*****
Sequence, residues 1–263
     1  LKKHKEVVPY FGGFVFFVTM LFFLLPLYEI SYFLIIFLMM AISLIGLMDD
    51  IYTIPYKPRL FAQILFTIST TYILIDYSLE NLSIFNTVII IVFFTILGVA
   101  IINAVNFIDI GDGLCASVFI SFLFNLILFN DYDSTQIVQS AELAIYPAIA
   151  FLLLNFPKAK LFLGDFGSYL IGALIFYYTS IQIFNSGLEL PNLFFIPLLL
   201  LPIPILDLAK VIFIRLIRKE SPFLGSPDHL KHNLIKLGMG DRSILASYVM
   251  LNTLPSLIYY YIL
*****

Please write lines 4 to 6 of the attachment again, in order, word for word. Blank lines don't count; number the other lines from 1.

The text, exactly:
   101  IINAVNFIDI GDGLCASVFI SFLFNLILFN DYDSTQIVQS AELAIYPAIA
   151  FLLLNFPKAK LFLGDFGSYL IGALIFYYTS IQIFNSGLEL PNLFFIPLLL
   201  LPIPILDLAK VIFIRLIRKE SPFLGSPDHL KHNLIKLGMG DRSILASYVM